I could have been Martha Gellhorn, and traveled into the face of war
And pushed into the front, singing and marching and writing.
I could have been her; I could have ridden in tanks and drank whiskey by the double,
Worn pants and mingled with men in comfort, unafraid.
I could have been Amelia Earhart and flown airplanes across the country
Disregarding the possibility of failure and disapproval (it’s not a woman’s place);
Or Isak Dinesen who moved to primitive Africa to grow her coffee beans.
Instead I was a mother and a wife, raising sons and caring for a husband
And believing that my life was a great adventure, though small in its way.
Now I wonder what I could have been, what I could have done, who I might have become.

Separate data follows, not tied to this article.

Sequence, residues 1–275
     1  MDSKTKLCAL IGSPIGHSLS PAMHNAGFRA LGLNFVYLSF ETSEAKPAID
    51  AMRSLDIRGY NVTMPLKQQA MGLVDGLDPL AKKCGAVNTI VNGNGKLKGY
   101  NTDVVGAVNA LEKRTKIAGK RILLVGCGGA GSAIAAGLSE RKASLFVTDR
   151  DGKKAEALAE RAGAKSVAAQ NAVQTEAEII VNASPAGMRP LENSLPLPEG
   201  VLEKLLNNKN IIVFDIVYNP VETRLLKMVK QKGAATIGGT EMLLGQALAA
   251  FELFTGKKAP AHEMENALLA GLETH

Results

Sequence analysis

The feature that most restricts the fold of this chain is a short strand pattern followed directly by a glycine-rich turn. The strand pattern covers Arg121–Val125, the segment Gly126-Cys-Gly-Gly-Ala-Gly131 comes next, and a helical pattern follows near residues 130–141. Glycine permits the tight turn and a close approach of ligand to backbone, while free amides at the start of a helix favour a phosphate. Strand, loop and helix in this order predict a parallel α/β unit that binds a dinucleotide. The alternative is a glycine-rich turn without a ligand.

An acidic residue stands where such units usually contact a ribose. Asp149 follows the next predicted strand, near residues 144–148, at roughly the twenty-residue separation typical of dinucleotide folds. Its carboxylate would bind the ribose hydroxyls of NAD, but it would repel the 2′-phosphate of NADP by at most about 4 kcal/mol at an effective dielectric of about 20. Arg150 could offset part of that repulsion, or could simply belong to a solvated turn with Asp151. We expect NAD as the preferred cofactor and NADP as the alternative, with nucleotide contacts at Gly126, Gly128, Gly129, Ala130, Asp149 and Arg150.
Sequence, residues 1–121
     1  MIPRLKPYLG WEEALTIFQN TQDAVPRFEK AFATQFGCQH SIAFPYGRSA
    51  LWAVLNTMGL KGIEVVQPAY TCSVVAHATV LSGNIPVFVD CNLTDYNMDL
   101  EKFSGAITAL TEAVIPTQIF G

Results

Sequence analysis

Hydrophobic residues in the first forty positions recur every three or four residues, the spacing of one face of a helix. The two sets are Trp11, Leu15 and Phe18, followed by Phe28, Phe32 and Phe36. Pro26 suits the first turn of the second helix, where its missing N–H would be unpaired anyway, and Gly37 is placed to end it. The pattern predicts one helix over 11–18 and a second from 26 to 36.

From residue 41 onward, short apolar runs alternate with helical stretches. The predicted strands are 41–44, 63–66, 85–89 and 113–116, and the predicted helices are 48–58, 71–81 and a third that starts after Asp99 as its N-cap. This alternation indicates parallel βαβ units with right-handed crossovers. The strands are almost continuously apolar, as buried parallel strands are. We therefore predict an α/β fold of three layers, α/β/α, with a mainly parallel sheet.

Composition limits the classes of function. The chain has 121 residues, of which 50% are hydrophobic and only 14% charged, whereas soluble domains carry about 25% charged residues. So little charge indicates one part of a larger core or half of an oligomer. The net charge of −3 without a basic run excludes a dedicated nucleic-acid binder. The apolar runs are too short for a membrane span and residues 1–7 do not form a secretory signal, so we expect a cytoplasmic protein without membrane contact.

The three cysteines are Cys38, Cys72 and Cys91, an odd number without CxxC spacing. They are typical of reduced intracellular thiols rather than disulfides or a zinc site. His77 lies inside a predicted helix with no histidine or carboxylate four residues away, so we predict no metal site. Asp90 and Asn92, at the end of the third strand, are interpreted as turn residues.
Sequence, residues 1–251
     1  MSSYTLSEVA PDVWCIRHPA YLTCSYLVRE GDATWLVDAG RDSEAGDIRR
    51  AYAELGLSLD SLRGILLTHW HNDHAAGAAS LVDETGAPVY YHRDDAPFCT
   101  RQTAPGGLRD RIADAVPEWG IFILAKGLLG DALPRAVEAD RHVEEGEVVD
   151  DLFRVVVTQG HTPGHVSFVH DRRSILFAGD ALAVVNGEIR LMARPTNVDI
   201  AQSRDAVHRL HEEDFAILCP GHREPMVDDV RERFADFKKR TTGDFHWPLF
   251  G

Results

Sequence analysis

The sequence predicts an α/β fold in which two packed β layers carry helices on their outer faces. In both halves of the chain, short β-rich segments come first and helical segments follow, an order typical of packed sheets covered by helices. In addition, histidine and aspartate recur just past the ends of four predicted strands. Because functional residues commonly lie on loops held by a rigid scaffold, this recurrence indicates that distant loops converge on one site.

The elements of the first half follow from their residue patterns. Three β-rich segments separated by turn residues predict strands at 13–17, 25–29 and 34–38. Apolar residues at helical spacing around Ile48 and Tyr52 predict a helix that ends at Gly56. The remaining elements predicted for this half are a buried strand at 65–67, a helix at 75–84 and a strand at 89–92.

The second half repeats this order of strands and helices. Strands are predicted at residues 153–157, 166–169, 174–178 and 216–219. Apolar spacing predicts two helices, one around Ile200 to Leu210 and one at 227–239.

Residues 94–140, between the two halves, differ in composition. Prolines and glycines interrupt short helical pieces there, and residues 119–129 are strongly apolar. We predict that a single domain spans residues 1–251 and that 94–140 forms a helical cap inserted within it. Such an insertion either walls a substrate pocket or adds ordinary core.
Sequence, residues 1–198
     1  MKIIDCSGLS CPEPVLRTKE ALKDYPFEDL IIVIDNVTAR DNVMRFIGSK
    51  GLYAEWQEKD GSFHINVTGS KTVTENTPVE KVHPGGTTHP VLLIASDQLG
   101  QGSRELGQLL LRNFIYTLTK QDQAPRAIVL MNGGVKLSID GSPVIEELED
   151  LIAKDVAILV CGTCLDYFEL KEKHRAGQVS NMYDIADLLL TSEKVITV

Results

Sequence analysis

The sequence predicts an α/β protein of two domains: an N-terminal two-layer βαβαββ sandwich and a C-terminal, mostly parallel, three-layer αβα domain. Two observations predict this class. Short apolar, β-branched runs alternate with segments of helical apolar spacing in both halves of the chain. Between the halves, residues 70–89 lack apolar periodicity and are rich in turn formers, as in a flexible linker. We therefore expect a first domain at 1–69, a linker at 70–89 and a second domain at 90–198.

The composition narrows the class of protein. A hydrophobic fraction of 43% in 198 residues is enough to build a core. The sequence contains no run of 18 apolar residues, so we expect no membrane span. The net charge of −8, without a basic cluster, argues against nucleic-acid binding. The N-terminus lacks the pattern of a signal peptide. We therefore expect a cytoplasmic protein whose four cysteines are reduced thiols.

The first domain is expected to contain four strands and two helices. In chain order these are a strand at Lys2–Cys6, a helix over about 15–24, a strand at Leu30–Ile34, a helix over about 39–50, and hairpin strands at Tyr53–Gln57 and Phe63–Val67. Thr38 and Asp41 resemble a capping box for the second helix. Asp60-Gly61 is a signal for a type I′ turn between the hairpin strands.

Would I have had the courage to do as those undaunted women did, and fly in the face
Of convention and the dominance of males?
I want to believe it true, that I, fearless female warrior, could have worn the armor,
Braved the taunts, stood firm in the face of disapproval,
But in my heart I know that I am just a simple woman who wants to write and cook,
Tell stories and watch her sons become men.
No hero, me.
Just a woman, plodding the path worn deep before me;
No honors will attend my name; no young girl will aspire to be me.
Some lives pass in glory; others attain remembrance long after mortality attains its due.
My grave, like thousands of my sisters before me, will not be one visited by throngs, but by the few
Who remember who I was and where I came from , and that I was
No hero, but just a woman
who did the best she knew to do.